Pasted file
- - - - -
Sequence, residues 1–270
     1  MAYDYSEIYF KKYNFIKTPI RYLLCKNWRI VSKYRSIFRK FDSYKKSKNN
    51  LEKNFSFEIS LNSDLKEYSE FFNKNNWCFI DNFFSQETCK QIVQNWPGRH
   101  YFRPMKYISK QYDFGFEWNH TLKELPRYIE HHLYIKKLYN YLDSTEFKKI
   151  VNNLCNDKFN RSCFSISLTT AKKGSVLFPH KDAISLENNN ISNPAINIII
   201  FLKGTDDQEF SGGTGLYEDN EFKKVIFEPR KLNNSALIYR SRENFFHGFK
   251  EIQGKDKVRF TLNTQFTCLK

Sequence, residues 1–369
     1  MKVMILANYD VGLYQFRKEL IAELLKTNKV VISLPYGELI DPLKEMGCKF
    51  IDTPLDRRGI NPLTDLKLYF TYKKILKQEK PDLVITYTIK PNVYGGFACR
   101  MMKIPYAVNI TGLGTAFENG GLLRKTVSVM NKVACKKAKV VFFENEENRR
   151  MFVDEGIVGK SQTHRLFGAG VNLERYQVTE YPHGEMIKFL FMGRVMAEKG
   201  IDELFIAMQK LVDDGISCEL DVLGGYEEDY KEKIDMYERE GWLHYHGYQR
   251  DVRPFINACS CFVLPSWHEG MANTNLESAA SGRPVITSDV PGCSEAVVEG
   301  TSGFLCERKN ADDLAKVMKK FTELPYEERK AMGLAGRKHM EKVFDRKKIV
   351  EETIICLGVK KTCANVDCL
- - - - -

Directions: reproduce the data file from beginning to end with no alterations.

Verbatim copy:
Sequence, residues 1–270
     1  MAYDYSEIYF KKYNFIKTPI RYLLCKNWRI VSKYRSIFRK FDSYKKSKNN
    51  LEKNFSFEIS LNSDLKEYSE FFNKNNWCFI DNFFSQETCK QIVQNWPGRH
   101  YFRPMKYISK QYDFGFEWNH TLKELPRYIE HHLYIKKLYN YLDSTEFKKI
   151  VNNLCNDKFN RSCFSISLTT AKKGSVLFPH KDAISLENNN ISNPAINIII
   201  FLKGTDDQEF SGGTGLYEDN EFKKVIFEPR KLNNSALIYR SRENFFHGFK
   251  EIQGKDKVRF TLNTQFTCLK

Sequence, residues 1–369
     1  MKVMILANYD VGLYQFRKEL IAELLKTNKV VISLPYGELI DPLKEMGCKF
    51  IDTPLDRRGI NPLTDLKLYF TYKKILKQEK PDLVITYTIK PNVYGGFACR
   101  MMKIPYAVNI TGLGTAFENG GLLRKTVSVM NKVACKKAKV VFFENEENRR
   151  MFVDEGIVGK SQTHRLFGAG VNLERYQVTE YPHGEMIKFL FMGRVMAEKG
   201  IDELFIAMQK LVDDGISCEL DVLGGYEEDY KEKIDMYERE GWLHYHGYQR
   251  DVRPFINACS CFVLPSWHEG MANTNLESAA SGRPVITSDV PGCSEAVVEG
   301  TSGFLCERKN ADDLAKVMKK FTELPYEERK AMGLAGRKHM EKVFDRKKIV
   351  EETIICLGVK KTCANVDCL